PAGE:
Faux stone edging is lighter weight than their natural stone counterparts.

Decorative Faux Stone Edging

by Paul Schuster

Decorative faux stone edging adds an element of elegance and permanence to your yard. Longer-lasting than metal or vinyl lawn edging, decorative faux stone edging helps keep your pathways, garden beds and lawn spaces clearly delineated. Edgers also help prevent soil from spilling out of garden, and grass and weeds from growing into your flower beds.


To install decorative faux stone edging, dig a 2- to 3-inch-deep trench where you want to place the edgers, making it no wider than the width of the faux stone edgers. Use guides to make sure you stay within your design requirements. A garden hose acts as a good guide for a curved edge, while a piece of string attached to wooden stakes works for straight lines as well as more complicated designs, such as zigzags. Line the trench with landscape fabric and place crushed gravel over it, to a depth of 1 inch. Place the edgers on the gravel, using stakes to keep them in place if they were provided. The hollow backs of the edgers can be filled with either soil or mulch, or you can leave them empty.


Faux stone edgers are much lighter than real stone and because they are manufactured, it is easier to find similarly sized and colored items. With natural rocks, you may also have to pay a lot for shipping, as they are much heavier than faux stone edgers. Faux stone edgers come in a range of shapes, colors, sizes and styles, which gives you more design options.

General Care

Faux stone edgers need little care once installed. If the fronts of your edgers become splashed with mud, dirt or debris, you only need to hose them off. While they are durable, avoid hitting your faux stone edgers with the cord of a grass or weed trimmer, as this may eventually lead to damaged edgers.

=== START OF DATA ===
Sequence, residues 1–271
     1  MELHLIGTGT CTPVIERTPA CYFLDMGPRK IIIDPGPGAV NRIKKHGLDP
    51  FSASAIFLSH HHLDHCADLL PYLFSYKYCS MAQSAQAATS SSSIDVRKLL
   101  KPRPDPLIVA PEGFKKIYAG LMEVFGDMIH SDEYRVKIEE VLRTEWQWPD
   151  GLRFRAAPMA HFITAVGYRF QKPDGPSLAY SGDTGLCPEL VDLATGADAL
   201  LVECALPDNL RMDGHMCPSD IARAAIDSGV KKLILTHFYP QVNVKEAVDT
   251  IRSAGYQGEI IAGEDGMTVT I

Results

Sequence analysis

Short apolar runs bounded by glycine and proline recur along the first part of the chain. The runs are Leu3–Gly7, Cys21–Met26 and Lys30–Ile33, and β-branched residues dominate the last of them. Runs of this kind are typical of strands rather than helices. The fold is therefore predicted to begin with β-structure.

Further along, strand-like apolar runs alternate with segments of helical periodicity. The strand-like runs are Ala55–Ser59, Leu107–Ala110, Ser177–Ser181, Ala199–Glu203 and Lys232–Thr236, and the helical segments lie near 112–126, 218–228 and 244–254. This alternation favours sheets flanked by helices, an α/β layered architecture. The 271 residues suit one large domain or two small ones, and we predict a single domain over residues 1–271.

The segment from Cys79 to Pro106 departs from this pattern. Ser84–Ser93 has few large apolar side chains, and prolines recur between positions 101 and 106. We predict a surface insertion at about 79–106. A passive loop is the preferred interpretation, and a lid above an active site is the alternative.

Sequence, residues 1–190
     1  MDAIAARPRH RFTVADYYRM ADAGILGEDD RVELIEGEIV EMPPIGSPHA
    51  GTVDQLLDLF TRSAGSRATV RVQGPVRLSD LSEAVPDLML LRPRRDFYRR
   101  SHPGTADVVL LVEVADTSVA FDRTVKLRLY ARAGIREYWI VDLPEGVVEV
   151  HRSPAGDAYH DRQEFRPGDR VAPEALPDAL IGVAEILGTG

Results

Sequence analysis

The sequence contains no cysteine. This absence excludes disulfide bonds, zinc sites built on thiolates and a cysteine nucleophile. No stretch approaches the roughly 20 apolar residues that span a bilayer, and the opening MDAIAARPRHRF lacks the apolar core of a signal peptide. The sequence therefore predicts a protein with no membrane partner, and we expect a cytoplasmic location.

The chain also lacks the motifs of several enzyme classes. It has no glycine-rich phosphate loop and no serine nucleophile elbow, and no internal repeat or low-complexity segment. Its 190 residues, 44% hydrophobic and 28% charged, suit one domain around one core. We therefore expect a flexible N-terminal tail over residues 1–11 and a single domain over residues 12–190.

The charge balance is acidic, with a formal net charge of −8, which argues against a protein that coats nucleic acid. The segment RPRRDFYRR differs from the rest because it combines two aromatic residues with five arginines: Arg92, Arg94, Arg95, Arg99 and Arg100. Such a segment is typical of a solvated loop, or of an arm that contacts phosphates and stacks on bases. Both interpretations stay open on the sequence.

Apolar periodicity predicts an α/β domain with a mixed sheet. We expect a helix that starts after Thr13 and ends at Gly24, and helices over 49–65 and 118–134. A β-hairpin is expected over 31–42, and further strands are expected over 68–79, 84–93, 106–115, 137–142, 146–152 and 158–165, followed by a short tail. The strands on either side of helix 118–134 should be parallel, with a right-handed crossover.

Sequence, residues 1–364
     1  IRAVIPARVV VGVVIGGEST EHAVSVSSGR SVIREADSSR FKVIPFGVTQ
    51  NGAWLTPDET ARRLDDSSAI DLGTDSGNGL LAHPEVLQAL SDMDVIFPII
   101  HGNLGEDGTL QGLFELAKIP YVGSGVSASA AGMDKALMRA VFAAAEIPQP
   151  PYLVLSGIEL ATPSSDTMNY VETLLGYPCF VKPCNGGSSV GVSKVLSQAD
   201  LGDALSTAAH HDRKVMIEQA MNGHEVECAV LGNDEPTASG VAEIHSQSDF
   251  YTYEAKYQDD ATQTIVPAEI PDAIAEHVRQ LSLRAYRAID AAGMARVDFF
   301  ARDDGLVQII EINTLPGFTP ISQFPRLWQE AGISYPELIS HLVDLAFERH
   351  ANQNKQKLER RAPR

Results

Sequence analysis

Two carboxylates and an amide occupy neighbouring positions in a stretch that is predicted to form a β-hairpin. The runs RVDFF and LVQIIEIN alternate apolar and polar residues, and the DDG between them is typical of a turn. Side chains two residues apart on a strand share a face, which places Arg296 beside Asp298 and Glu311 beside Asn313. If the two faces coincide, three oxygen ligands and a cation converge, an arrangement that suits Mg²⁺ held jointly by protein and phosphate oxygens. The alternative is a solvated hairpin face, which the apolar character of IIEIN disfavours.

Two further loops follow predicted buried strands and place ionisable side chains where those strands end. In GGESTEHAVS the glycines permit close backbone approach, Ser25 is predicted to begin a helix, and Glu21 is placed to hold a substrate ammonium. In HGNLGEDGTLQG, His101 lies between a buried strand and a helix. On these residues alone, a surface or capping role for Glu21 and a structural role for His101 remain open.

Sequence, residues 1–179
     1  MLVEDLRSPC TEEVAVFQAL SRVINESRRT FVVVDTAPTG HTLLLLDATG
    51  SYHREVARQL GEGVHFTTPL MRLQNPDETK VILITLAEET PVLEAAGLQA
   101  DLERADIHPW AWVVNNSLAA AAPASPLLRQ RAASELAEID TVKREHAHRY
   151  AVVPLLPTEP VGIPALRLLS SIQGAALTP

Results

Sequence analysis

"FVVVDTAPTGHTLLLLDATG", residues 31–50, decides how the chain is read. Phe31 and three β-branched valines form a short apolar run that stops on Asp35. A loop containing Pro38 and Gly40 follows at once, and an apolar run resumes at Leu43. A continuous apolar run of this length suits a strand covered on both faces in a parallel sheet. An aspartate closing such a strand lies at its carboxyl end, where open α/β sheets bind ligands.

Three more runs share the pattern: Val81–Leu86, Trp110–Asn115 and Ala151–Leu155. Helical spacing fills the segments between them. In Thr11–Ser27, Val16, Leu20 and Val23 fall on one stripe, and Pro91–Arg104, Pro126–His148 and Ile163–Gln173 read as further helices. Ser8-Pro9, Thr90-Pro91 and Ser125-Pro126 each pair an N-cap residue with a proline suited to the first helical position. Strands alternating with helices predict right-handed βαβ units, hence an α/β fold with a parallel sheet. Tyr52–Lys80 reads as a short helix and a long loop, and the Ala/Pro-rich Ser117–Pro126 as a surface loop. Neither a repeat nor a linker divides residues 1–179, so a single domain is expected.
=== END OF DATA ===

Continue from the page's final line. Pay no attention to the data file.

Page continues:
Faux stone edgers are made from lightweight concrete. The concrete is shaped and colored so the final product resembles stone. Faux stone edgers will last longer than either vinyl or metal edgers, and come in small, interlocking sections, so you can arrange them in any shape. In some cases, the faux stone edging will have a molded concrete trim to recreate the appearance of mortared stone.

About the Author

Paul Schuster began writing in 2006 and has published in "Gardening Life" and "Canadian Gardening." Schuster is the director of the Toronto Botanical Garden, and holds a Bachelor of Science in Agriculture and Horticulture from the University of Guelph. He leads gardening workshops for elementary school children.

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